BY SCOTT HOLLIFIELD
Some anti-vaxxers – those misguided people who believe vaccines do more harm than good despite overwhelming scientific evidence to the contrary – are using “The Brady Bunch” to make their case.
In an episode from the 1969 TV show, the Brady kids come down with the measles, skip school and hilarity ensues.
“If you have to get sick, you sure can’t beat the measles,” says Marcia Brady, played by actress Maureen McCormick, in a clip circulated by anti-vaxxers.
Nearly fifty years after that episode first aired, the United States has the highest number of measles cases since the disease was declared eliminated in 2000.
McCormick told NPR she isn’t happy that Marcia has become an unwitting spokesperson for the pro-measles, anti-vaccination crowd.
“I think it's really wrong when people use people's images today to promote whatever they want to promote and the person's image they're using they haven't asked or they have no idea where they stand on the issue," she said in a Weekend Edition article by Gwynne Hogan. “As a mother, my daughter was vaccinated.”
Good for you, Marcia, Marcia, Marcia. Mike and Carol would be proud of their oldest girl, although this unexpected attention probably has Jan seething with jealousy.
The “Brady” dust up, in addition to leaving me shaking my head at the overall stupidity of the situation, made me wonder this: How many people actually seek medical guidance from old television shows?
As the senior interim medical correspondent/TV historian for this award-winning publication, I will explore this strange phenomenon in a Q&A format.
Q. Hi, Scott. I just watched a particularly eye-opening episode of “The Beverly Hillbillies” and I was amazed at the healing properties of Granny’s “rheumatiz medicine.” I am thinking about using it to supplement the CDB oil I rub on my dog’s snout to alleviate his anxiety. But, as always, it appears Big Pharma has successfully suppressed the widespread availability of Granny’s rheumatiz medicine. Do you know a website where I could order some, preferably the variety manufactured in Bugtussle, which several people in my chatroom recommend?
A. “The Beverly Hillbillies” was a fictional show, Granny was a character played by actress Irene Ryan and the writers likely meant the “rheumatiz medicine” to be the corn liquor she made. Again, it’s a TV show.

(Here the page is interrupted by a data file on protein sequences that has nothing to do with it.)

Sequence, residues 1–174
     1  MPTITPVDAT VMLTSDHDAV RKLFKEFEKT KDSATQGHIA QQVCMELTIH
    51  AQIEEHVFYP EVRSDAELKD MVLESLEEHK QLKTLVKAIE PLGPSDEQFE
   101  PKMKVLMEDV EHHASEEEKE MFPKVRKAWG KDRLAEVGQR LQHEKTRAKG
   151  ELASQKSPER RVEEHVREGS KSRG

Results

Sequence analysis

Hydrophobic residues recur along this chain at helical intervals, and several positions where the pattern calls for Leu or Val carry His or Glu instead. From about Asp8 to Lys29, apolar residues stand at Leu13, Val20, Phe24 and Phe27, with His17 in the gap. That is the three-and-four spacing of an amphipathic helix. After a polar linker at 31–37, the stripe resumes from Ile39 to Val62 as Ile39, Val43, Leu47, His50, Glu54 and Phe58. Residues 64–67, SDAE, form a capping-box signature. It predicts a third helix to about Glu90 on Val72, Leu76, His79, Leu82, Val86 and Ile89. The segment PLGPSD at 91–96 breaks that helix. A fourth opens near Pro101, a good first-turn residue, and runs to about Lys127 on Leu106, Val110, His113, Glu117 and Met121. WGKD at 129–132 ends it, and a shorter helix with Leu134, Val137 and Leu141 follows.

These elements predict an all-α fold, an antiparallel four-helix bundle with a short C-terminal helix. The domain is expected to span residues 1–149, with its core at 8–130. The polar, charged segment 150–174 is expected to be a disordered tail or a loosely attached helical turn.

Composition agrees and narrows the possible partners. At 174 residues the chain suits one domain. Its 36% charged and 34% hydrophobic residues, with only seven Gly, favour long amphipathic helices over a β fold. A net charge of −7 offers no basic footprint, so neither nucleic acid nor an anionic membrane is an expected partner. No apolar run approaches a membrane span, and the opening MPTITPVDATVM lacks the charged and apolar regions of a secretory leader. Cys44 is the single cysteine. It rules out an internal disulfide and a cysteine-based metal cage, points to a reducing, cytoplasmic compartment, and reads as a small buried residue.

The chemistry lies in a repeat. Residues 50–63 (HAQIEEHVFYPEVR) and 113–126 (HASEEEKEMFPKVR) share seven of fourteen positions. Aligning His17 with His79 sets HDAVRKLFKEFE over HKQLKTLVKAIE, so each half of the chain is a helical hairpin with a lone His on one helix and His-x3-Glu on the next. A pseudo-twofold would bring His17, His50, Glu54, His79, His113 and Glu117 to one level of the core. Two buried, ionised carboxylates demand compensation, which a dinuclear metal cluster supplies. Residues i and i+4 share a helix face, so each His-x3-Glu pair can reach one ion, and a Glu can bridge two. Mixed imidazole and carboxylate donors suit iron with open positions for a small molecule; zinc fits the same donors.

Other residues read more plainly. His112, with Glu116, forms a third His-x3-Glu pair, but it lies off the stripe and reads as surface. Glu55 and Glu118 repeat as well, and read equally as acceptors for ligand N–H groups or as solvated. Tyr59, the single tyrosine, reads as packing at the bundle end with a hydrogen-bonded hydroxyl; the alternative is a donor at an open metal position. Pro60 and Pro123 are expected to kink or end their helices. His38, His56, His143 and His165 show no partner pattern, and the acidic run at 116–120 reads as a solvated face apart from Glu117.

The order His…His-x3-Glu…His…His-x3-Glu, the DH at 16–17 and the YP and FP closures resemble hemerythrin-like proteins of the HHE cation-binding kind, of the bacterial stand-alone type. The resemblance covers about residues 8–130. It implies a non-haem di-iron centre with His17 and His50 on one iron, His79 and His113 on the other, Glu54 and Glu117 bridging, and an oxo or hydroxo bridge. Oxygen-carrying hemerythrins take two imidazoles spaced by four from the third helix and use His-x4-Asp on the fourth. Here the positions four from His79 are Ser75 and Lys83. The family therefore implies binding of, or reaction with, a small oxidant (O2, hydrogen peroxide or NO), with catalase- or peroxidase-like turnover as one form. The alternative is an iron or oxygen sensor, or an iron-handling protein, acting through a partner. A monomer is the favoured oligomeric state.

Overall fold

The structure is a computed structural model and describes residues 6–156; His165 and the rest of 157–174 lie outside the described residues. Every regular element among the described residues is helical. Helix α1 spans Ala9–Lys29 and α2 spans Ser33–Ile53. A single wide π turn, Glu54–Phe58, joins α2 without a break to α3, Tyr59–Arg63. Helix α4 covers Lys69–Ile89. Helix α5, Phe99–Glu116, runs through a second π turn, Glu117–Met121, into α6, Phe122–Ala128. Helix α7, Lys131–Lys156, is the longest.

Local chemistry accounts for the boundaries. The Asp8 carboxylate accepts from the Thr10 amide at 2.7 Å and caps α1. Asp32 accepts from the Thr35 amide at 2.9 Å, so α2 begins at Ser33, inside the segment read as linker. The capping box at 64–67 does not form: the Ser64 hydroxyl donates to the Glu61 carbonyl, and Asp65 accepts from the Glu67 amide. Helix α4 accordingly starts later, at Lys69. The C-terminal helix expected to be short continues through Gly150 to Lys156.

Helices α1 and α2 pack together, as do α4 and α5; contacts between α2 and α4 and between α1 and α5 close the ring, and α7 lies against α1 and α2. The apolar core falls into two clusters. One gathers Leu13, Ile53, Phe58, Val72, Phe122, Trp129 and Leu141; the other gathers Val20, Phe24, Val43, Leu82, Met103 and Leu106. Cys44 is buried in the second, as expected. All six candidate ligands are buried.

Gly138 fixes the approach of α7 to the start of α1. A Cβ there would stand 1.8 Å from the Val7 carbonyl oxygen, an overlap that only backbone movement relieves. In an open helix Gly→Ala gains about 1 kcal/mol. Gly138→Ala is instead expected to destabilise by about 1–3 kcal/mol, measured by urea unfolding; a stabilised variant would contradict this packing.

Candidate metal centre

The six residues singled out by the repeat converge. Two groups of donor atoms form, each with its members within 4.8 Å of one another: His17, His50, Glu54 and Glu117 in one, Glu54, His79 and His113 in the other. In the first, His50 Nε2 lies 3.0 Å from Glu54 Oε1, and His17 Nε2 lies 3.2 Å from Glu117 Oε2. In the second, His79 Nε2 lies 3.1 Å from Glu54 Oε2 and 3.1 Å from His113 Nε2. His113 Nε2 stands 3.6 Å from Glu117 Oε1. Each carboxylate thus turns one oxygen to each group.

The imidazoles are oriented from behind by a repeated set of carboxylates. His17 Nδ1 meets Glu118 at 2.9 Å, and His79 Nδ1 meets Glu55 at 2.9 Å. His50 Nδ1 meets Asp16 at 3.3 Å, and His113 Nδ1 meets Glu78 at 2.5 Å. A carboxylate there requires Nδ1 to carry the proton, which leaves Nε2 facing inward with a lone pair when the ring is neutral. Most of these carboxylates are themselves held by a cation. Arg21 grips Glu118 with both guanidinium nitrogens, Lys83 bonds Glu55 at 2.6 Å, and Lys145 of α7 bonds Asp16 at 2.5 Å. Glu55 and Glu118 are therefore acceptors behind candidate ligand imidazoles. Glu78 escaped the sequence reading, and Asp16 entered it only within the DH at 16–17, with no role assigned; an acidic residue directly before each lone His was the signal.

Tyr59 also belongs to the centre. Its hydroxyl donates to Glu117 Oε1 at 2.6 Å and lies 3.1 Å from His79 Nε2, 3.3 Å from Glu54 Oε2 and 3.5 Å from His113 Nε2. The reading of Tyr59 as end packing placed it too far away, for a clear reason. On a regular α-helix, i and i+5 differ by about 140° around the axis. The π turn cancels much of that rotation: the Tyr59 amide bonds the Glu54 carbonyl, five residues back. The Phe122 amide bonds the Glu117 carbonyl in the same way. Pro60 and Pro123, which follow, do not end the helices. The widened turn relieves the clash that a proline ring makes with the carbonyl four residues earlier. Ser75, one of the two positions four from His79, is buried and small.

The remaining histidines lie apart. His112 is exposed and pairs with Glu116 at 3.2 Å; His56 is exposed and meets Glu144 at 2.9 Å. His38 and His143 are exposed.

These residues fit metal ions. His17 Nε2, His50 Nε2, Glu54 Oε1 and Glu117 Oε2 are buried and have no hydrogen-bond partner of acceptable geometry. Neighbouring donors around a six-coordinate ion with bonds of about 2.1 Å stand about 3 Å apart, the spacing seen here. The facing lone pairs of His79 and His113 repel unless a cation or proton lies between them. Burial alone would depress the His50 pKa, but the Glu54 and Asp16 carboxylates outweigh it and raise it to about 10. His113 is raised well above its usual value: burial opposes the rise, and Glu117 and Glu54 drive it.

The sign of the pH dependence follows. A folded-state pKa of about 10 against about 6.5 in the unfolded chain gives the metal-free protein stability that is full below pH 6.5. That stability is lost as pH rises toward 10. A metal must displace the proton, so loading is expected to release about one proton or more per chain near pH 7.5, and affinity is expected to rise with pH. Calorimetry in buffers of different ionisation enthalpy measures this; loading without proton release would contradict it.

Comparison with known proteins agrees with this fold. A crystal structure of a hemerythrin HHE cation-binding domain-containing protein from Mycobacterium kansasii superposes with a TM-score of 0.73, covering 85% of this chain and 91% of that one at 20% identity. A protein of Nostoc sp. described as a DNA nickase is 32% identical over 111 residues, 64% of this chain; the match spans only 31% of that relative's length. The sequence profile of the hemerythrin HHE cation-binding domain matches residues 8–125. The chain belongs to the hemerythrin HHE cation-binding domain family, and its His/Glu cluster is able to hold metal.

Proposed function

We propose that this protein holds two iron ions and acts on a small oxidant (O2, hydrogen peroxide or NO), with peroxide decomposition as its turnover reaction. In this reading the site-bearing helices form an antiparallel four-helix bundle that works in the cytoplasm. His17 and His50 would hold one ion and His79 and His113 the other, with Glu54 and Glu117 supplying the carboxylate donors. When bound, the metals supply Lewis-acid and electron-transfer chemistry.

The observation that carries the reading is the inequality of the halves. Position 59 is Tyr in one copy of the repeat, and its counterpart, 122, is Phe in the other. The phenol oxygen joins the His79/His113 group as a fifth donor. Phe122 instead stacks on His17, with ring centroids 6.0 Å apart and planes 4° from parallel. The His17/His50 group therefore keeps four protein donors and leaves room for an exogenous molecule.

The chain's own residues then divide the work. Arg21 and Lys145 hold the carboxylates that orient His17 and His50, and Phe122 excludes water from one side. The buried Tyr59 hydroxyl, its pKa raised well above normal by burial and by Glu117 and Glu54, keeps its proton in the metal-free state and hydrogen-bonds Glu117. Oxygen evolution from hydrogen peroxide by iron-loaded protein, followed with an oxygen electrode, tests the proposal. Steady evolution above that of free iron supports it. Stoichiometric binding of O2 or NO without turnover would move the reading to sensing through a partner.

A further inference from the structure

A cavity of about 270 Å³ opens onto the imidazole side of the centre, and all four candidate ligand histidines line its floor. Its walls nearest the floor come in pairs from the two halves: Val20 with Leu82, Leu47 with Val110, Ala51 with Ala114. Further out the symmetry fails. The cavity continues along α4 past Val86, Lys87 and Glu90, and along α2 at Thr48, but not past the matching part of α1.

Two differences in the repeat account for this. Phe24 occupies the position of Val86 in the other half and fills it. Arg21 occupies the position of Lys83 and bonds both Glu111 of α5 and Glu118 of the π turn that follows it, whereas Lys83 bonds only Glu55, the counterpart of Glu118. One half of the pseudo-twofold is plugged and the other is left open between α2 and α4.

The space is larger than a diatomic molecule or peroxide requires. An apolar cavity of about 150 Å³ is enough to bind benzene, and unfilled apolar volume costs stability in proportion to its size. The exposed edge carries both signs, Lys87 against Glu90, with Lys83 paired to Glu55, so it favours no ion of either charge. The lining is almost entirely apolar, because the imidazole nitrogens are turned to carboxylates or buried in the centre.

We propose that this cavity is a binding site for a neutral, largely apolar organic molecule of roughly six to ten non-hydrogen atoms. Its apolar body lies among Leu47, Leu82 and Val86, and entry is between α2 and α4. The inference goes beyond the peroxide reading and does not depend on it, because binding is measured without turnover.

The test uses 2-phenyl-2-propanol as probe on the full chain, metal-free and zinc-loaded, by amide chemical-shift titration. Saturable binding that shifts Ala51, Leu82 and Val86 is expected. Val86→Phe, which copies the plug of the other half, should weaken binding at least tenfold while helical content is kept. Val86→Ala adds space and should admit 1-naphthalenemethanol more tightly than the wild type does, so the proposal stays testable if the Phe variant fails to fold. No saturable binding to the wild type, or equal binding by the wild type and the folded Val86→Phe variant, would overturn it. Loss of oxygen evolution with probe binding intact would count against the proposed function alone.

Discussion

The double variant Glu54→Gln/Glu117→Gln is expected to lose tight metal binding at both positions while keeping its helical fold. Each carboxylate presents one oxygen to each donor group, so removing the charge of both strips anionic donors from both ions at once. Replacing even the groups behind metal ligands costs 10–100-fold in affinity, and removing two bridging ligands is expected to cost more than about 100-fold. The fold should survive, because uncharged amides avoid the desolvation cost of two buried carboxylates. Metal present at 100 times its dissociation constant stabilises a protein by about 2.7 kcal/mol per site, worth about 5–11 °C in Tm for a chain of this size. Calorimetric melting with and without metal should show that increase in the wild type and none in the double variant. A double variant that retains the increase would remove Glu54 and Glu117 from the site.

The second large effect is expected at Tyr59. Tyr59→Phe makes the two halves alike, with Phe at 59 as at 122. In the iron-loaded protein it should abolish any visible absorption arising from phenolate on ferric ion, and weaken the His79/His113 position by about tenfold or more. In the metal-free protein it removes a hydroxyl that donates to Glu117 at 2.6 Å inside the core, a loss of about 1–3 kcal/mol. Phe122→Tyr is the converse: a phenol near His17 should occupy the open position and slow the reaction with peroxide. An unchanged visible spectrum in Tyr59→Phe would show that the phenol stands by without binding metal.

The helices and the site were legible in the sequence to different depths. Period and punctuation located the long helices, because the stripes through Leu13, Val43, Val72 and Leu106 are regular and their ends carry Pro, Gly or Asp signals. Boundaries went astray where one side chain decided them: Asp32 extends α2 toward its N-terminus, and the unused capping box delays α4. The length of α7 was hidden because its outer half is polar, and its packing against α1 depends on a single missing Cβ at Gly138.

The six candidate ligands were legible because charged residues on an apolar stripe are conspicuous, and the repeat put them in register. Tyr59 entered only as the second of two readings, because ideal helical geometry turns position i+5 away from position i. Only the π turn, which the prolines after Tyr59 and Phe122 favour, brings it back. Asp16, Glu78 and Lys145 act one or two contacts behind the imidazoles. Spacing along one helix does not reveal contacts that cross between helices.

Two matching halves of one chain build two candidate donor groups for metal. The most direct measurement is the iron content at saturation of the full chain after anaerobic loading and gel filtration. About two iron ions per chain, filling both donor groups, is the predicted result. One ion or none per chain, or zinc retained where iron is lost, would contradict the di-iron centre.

Q. Understood. While I was looking on the internet for rheumatiz medicine, I forgot to give my dog his dose of CBD oil and in his anxious state, he knocked over a hat rack, which struck my grandfather’s antique musket on the wall. The weapon dropped to the floor and fired a round into my cousin Eugene’s upper thigh. Rather than summon paramedics, I recalled an episode of “Gunsmoke” where a wounded outlaw took a slug of whiskey and bit down on a stick while his partner dug out the bullet with a Bowie knife. Was that the right course of action in this case?
A. Absolutely not. Again, “Gunsmoke” was a fictional TV show.
Q. Ah, yes. I’m beginning to see a pattern here. Unfortunately for Eugene, the whiskey-and-stick treatment failed to adequately address his pain and he bolted from the couch in agony, tripped and struck his head on a nearby coffee table. Fearing he had suffered amnesia, as many people on TV do when they strike their heads, I cracked him another good one on the skull with a coconut I bought for just such an emergency, knowing he would regain his memory as an episode of “Gilligan’s Island” taught me. Eugene has yet to regain consciousness. Do you know where I can purchase a “Star Trek” tricorder to assess his condition as Dr. McCoy would in a situation like this?
A. No. Both “Gilligan’s Island” and “Star Trek” were fictional shows. Eugene has likely suffered severe head trauma as a result of your actions.
Q. I’m sure all he needs is a good case of the measles and he’ll be fine. You want to watch a few episodes of “The Brady Bunch?” while he recovers?
A. Maybe after a swig or two of rheumatiz medicine.
Scott Hollifield is editor/GM of The McDowell News in Marion, NC and a humor columnist. Contact him at firstname.lastname@example.org .